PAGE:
Cyber-Attacks: Is It Really Not If You Will Be Attacked, But When? is my new column in the Oklahoma Bar Journal.
This is a sobering subject, but it is critical for all law firms to appreciate this idea in their risk management practices. It is a bit hard to accept that it may be impossible to have such bulletproof cyber security that you can be absolutely confident you will never be breached. After all, I’m fairly certain our country’s intelligence services had some high level experts working on their security and they have suffered spectacular breaches. In hindsight, this article’s title perhaps should have been “Manage Cyber-Attacks: Is It Really Not If You Will Be Compromised, But When?”
We have fallible, and sometimes corruptible, human beings working with our technology systems. Computer code is vastly more complex. There are more openings. Think of the difference between fighting crime in a small town with one stop light and a large urban metropolis with high rise buildings, subway systems, subterranean sewers and other complex infrastructure. Coders are going to write new code. Some of it will have unintended consequences and open up new security risks. And that new employee may not appreciate all of the dangers lurking in her inbox.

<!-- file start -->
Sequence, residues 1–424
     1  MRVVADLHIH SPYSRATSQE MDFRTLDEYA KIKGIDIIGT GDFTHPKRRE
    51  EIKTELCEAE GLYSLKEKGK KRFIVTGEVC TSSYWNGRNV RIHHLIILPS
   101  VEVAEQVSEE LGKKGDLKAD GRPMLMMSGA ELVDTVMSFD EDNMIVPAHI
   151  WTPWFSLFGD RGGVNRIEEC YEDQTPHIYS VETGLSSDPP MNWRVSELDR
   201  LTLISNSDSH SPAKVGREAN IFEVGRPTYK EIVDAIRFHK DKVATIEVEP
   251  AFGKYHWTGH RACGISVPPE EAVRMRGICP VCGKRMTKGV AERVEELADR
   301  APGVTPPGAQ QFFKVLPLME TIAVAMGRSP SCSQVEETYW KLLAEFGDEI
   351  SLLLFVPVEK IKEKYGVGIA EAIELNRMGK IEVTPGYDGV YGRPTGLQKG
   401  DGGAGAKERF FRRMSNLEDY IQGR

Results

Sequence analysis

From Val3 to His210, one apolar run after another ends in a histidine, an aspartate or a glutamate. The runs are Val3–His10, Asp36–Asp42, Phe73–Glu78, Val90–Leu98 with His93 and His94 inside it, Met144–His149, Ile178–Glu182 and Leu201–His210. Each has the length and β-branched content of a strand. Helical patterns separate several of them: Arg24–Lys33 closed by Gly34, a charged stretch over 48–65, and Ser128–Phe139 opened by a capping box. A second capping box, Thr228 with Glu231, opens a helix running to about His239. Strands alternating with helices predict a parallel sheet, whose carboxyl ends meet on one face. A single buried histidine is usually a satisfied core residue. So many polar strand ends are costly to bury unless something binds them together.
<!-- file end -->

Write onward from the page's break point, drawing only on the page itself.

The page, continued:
So does that mean give up? Game over?
Of course not, we cannot give up on security measures. We need to have good cyber-security infrastructure, practices and training. But there will be dangers appearing online that haven’t been invented yet.
Today, a large part of good security practices includes creating Incident Response Plans and other recovery techniques. If you do not have an IRP, it is time to create one. This is unpleasant to consider and easy to procrastinate for the same reason so many people put off creating an estate plan. But this is just as important.
In the column, I take the reader through a couple of scenarios to give some examples of planning. Firms can get help with IRP’s from professionals, but each plan should be unique because the assets you have to respond are unique. I tried not to make this too threatening, but I have been on the phone with lawyers who had no plan and now have a network frozen by some malware. Planning is better!